GREATER EXPECTATIONS

With governance and culture firmly in the regulatory spotlight, what is expected of today’s boards and how can it be achieved?

How can boards meet the regulators’ expectations, and discharge their regulatory obligation, by ensuring strong governance and embedding the right culture?

Pressure on the boards of regulated firms is mounting.

Whilst the UK regulators appreciate that their expectations of boards should be proportionate to the risk-profile and size of the firm (and any wider group), good governance remains paramount for all regulated firms – particularly given the ever-increasing focus on ESG.

In high level terms, from a regulatory standpoint, the desired outcome for an effective board is one that:

  • Establishes a sustainable business model accompanied by a clear and consistent strategy;
  • Articulates and oversees a clear and measurable statement of risk appetite against which major business options are actively assessed; and
  • Meets its regulatory obligations, is open with the regulators and sets and maintains a culture that supports prudent management.

It is perhaps the final point that is proving most challenging given the rapid rate of regulatory change and the regulators’ increased focus on improving culture.

What is the board’s role in relation to culture and how can it meet expectations?

Boards are expected to articulate and maintain a culture of risk awareness and ethical behaviour for the entire organisation to follow in pursuit of its business goals and in-line with its over-arching purpose.

This calls for the right culture in the boardroom itself. The Chair must set the tone around the board table and foster open, inclusive discussion that challenges executives. This expectation aligns with the prescribed responsibility under the Senior Managers Regime for “leading the development of the firm’s culture by the governing body as a whole”.

Secondly, the culture that the board wishes to embed within the entire organisation needs to be maintained by executive management through leadership, governance processes and incentives. The board must then actively oversee the firm’s culture, with a focus on independent non-executives holding executives to account in this regard.

Senior management must take ownership over cascading the firm’s corporate purpose to the business, driving forward new initiatives, monitoring progress with the board’s cultural objectives/targets (e.g. in relation to D&I, incentives, conduct standards etc.) and reporting to the board regarding the same. In dual-regulated firms, the senior manager with the prescribed responsibility for “overseeing the adoption of the firm’s culture in the day-to-day management of the firm” will often take the lead on this (generally, the CEO).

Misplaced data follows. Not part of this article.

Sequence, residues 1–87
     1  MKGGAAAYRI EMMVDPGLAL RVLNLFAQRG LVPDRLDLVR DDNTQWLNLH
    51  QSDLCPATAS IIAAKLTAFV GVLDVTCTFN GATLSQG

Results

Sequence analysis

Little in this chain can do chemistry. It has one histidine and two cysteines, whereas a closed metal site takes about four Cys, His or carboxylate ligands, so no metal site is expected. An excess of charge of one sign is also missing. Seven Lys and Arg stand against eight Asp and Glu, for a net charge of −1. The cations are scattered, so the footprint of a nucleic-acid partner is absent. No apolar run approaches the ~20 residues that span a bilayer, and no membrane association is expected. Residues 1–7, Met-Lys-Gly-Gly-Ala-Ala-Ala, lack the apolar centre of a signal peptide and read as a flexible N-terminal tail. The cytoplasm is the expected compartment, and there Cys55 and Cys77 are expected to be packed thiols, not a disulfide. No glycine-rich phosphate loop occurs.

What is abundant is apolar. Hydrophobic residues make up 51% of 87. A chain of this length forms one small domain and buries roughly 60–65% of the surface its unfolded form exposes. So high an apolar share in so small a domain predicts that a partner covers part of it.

In successful cultural change programmes, understanding the link between conduct and culture is key. In this regard, as part of the FCA’s 5 conduct questions initiative, the FCA asks: “How does the Board and ExCo (or appropriate senior management) gain oversight of the conduct of business within their organisation and, equally importantly, how does the Board or ExCo consider the conduct implications of the strategic decisions that they make?” The production and review of high-quality management information with appropriate conduct metrics will be critical for this purpose.

What’s next?

Governance and culture in the context of remote or hybrid working will be a focus in the year ahead.

We are seeing the FCA move away from its heavy focus on ‘the tone from the top’ and, instead, begin focussing on supervising how firms are embedding cultural awareness and stewardship at all levels of the organisation (and, in particular, middle management and frontline business staff). To do this, firms are encouraged to focus on developing ‘tone from above’ (which is the example set by immediate line managers) and ‘tone from within’ (described by the FCA as one’s individual mind-set, preferences, beliefs, habits, and pre-dispositions).

Mark Steward, the FCA’s Enforcement Director, summarised the importance of these concepts in a recent speech, stating: “‘Tone from the top’ is necessary for setting the parameters, the expectations and the examples; ‘tone from above’ reinforces the ‘tone from the top’ at local levels and ‘tone from within’ requires every person in the organisation to be personally accountable and engaged.”

Governance and culture in the context of remote or hybrid working will be a particular focus for FCA supervisors in the year ahead. In this regard, the FCA has made clear that it expects firms to be able to prove that appropriate governance and oversight and that “An appropriate culture can be put in place and maintained in a remote working environment”.

CONCLUSION

Setting, embedding and maintaining the right culture will be a key challenge for boards in 2022. Successful implementation of SMCR (including embedding the individual Conduct Rules) is likely to be a focal point for firms in meeting this challenge, and we can expect more from the FCA on this ever-evolving topic, as it further establishes itself as a culture regulator.

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MEET THE AUTHOR

ADAM JAMIESON

Partner, London

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WHAT DOES THE POST-PANDEMIC WORKFORCE MEAN FOR CORPORATE GOVERNANCE AND OVERSIGHT?

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